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A Journey Through Scotland's Past: The Age of Invasion

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A Journey Through Scotland's Past: The Age of Invasion

Dr Rebecca Jones, Head of Archaeology and World Heritage at Historic Environment Scotland (HES), presents Scotland’s Age of Invasion.

This is the fourth in a series of lectures we're holding in 2017 to mark the year of History, Heritage and Archaeology.
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A Journey Through Scotland's Past: The Age of Invasion

Dr Rebecca Jones, Head of Archaeology and World Heritage at Historic Environment Scotland (HES), presents Scotland’s Age of Invasion.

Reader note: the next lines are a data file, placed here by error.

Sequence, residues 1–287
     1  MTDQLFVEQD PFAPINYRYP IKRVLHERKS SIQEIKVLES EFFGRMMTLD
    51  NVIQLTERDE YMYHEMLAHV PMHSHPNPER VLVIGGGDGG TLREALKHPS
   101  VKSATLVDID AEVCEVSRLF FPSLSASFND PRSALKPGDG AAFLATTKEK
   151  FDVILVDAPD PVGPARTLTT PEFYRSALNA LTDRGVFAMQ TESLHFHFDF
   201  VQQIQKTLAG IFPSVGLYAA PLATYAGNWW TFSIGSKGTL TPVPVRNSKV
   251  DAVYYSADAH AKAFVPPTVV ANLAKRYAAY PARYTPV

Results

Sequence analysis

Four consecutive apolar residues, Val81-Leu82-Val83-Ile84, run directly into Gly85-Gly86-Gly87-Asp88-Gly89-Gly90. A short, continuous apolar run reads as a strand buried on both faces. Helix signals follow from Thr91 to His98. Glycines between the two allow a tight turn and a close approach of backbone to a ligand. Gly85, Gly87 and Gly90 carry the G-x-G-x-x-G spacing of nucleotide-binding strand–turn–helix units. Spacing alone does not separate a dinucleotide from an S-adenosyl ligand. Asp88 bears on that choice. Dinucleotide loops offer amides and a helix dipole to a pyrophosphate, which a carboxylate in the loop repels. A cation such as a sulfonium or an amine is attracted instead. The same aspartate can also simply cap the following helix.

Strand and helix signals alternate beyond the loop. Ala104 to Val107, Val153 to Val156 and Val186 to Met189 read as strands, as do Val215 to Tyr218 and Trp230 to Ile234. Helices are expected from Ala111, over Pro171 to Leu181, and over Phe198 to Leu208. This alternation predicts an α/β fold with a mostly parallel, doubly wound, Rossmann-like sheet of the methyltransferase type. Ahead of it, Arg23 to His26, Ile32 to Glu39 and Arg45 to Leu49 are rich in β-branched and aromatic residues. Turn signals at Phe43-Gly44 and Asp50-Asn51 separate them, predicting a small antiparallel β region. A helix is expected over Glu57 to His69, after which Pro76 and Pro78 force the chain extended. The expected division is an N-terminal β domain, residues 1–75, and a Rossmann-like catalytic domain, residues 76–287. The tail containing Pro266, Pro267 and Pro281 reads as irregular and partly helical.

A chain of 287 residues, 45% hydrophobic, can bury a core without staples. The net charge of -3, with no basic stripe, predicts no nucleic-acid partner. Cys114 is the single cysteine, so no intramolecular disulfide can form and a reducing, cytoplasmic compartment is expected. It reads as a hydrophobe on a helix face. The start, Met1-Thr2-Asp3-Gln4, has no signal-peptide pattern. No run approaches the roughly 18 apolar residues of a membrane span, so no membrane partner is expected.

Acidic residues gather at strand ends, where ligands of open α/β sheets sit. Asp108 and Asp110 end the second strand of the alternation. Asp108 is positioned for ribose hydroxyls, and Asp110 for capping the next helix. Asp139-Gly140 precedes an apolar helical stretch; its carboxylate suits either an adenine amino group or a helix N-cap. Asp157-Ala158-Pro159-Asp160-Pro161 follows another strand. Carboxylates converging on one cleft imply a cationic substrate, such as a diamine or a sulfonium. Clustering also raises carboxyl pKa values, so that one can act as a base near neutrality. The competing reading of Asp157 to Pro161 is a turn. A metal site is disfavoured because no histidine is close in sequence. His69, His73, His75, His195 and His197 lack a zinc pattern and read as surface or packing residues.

This is the fourth in a series of lectures we're holding in 2017 to mark the year of History, Heritage and Archaeology.
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A Journey through Scotland's Past: The Age of Stone

Dr Ann MacSween and Dr Kirsty Millican, two of our experts in Neolithic archaeology, present a lecture on Scotland’s Age of Stone. This talk explores the different types of monuments which can still be found in northern and southern Scotland, how to recognise them, and how we use this archaeological evidence to build a picture of the life of early farming communities. They also talk about the work we do to protect such ancient monuments, and explain how you can get involved in looking after Scotland’s Neolithic archaeology.

This is the first in a series of talks we're holding in 2017 to mark the year of History, Heritage and Archaeology. Next up, on 23rd February, we'll be looking at Scotland's Age of Bronze. Find out more at